20 Then Job arose, and rent his robe, and shaved his head, and fell upon the ground, and worshiped. 21And he said, “Naked I came from my mother’s womb, and naked shall I return; the Lord gave, and the Lord has taken away; blessed be the name of the Lord.”
22 In all this Job did not sin or charge God with wrong.
2 Again there was a day when the sons of God came to present themselves before the Lord, and Satan also came among them to present himself before the Lord. 2And the Lord said to Satan, “Whence have you come?” Satan answered the Lord, “From going to and fro on the earth, and from walking up and down on it.” 3And the Lord said to Satan, “Have you considered my servant Job, that there is none like him on the earth, a blameless and upright man, who fears God and turns away from evil? He still holds fast his integrity, although you moved me against him, to destroy him without cause.” 4Then Satan answered the Lord, “Skin for skin! All that a man has he will give for his life. 5But put forth thy hand now, and touch his bone and his flesh, and he will curse thee to thy face.” 6And the Lord said to Satan, “Behold, he is in your power; only spare his life.”
7 So Satan went forth from the presence of the Lord, and afflicted Job with loathsome sores from the sole of his foot to the crown of his head. 8And he took a potsherd with which to scrape himself, and sat among the ashes.
9 Then his wife said to him, “Do you still hold fast your integrity? Curse God, and die.” 10But he said to her, “You speak as one of the foolish women would speak. Shall we receive good at the hand of God, and shall we not receive evil?” In all this Job did not sin with his lips.
11 Now when Job’s three friends heard of all this evil that had come upon him, they came each from his own place, Eliʹphaz the Teʹmanite, Bildad the Shuhite, and Zophar the Naʹamathite. They made an appointment together to come to condole with him and comfort him. 12And when they saw him from afar, they did not recognize him; and they raised their voices and wept; and they rent their robes and sprinkled dust upon their heads toward heaven. 13And they sat with him on the ground seven days and seven nights, and no one spoke a word to him, for they saw that his suffering was very great.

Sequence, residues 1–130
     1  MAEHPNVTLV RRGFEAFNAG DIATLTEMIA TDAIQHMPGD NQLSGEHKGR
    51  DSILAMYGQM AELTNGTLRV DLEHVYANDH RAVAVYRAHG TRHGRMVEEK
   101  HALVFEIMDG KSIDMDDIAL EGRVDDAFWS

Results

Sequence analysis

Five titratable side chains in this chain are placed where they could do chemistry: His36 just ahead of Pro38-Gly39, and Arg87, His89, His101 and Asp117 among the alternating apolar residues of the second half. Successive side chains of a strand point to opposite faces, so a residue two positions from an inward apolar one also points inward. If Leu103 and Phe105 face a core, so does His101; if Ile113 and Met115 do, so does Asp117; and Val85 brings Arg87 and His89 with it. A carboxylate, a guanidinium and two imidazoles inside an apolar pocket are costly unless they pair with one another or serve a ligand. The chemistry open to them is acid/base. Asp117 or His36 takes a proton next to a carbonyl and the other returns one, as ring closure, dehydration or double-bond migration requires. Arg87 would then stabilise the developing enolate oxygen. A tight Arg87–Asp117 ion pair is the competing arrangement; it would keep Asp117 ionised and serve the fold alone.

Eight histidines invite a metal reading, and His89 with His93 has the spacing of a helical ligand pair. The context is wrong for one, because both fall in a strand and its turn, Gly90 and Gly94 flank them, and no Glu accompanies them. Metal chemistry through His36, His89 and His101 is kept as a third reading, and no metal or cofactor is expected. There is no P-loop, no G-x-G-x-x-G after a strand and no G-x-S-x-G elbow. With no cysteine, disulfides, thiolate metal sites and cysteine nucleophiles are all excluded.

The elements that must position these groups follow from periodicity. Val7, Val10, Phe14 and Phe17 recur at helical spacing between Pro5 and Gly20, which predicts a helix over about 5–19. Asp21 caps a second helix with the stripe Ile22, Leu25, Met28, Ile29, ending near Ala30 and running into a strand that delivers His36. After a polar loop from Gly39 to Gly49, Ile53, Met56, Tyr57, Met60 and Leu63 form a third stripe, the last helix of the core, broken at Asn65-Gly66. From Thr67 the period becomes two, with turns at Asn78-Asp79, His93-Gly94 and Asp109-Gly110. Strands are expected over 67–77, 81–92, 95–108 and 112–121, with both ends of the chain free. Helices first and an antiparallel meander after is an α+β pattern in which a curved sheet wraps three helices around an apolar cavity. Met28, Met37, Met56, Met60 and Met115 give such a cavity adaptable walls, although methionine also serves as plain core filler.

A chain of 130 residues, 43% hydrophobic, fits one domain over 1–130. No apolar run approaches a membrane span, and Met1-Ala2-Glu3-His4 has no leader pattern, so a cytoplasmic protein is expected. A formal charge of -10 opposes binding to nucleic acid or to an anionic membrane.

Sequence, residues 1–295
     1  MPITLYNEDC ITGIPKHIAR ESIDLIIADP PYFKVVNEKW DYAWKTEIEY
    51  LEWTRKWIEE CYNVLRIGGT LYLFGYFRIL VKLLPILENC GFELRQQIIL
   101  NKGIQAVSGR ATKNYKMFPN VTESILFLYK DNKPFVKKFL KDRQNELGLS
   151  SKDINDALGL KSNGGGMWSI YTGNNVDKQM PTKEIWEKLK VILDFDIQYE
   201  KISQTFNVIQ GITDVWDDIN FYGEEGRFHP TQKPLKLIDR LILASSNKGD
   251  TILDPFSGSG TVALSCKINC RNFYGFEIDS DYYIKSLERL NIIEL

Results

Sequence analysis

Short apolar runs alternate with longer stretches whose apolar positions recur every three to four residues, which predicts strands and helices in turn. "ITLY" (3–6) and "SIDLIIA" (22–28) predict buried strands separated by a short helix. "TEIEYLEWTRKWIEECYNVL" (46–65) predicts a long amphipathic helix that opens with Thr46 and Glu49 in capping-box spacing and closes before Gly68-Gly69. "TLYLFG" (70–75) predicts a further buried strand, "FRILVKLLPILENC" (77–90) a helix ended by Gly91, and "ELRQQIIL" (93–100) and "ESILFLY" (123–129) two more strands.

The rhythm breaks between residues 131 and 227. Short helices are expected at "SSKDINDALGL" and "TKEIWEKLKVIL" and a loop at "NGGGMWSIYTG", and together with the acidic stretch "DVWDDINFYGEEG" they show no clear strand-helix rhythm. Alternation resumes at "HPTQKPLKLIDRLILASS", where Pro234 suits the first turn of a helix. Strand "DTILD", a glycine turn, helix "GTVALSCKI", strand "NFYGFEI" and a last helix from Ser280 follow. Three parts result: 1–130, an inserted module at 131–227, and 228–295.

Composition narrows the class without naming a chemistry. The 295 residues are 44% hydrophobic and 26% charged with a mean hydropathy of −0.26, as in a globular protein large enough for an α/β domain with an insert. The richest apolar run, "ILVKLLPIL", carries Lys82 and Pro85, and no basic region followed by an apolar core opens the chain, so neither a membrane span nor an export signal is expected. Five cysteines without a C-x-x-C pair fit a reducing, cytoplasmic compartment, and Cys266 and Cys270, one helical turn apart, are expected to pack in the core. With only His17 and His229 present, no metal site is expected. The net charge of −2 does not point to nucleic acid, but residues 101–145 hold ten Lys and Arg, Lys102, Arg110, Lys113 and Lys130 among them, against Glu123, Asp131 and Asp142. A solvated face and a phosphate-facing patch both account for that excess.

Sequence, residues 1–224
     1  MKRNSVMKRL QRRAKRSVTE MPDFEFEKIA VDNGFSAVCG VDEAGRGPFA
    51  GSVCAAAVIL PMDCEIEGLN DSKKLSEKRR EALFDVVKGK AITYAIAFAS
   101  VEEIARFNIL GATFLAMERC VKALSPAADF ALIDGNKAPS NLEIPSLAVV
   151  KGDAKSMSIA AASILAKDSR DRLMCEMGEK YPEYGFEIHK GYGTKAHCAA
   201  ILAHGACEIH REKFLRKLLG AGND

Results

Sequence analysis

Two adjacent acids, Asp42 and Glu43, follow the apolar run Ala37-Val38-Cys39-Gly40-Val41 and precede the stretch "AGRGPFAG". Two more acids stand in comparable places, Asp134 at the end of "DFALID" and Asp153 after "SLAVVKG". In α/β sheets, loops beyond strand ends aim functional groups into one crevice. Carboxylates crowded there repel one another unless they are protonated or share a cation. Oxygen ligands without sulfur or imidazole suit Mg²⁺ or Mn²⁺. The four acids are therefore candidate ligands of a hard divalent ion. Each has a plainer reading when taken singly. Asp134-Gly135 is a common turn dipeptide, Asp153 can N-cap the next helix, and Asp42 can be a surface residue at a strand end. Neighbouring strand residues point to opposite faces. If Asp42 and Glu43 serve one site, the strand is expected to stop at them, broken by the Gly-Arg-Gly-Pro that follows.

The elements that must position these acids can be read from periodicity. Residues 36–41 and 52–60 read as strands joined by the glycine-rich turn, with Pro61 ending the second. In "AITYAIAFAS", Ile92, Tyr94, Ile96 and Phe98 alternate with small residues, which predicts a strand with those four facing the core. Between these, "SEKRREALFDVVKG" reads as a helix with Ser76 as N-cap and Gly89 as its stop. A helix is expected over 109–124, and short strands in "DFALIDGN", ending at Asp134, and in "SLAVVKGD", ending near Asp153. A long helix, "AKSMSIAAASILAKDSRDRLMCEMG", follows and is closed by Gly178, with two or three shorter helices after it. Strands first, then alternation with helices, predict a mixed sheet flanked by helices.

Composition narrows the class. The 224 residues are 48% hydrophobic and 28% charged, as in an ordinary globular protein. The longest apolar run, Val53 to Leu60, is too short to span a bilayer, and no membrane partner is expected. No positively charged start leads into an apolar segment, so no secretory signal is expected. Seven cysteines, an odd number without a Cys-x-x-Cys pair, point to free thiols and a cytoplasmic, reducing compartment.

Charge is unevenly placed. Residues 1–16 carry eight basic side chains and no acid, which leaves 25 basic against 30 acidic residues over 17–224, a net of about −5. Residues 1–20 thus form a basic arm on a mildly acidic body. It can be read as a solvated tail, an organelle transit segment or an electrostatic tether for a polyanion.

3After this Job opened his mouth and cursed the day of his birth. 2And Job said:
3“Let the day perish wherein I was born,
and the night which said,
‘A man-child is conceived.’
4Let that day be darkness!
May God above not seek it,
nor light shine upon it.
5Let gloom and deep darkness claim it.
Let clouds dwell upon it;
let the blackness of the day terrify it.
6That night—let thick darkness seize it!
let it not rejoice among the days of the year,
let it not come into the number of the months.
7Yea, let that night be barren;
let no joyful cry be heard in it.
8Let those curse it who curse the day,
who are skilled to rouse up Leviathan.
9Let the stars of its dawn be dark;
let it hope for light, but have none,
nor see the eyelids of the morning;
10because it did not shut the doors of my mother’s womb,
nor hide trouble from my eyes.
11“Why did I not die at birth,
come forth from the womb and expire?
12Why did the knees receive me?
Or why the breasts, that I should suck?
13For then I should have lain down and been quiet;
I should have slept; then I should have been at rest,
14with kings and counselors of the earth
who rebuilt ruins for themselves,
15or with princes who had gold,
who filled their houses with silver.
16Or why was I not as a hidden untimely birth,
as infants that never see the light?
17There the wicked cease from troubling,
and there the weary are at rest.
18There the prisoners are at ease together;
they hear not the voice of the taskmaster.
19The small and the great are there,
and the slave is free from his master.
20“Why is light given to him that is in misery,
and life to the bitter in soul,
21who long for death, but it comes not,
and dig for it more than for hid treasures;
22who rejoice exceedingly,
and are glad, when they find the grave?
23Why is light given to a man whose way is hid,
whom God has hedged in?
24For my sighing comes as my bread,
and my groanings are poured out like water.
25For the thing that I fear comes upon me,
and what I dread befalls me.
26I am not at ease, nor am I quiet;
I have no rest; but trouble comes.”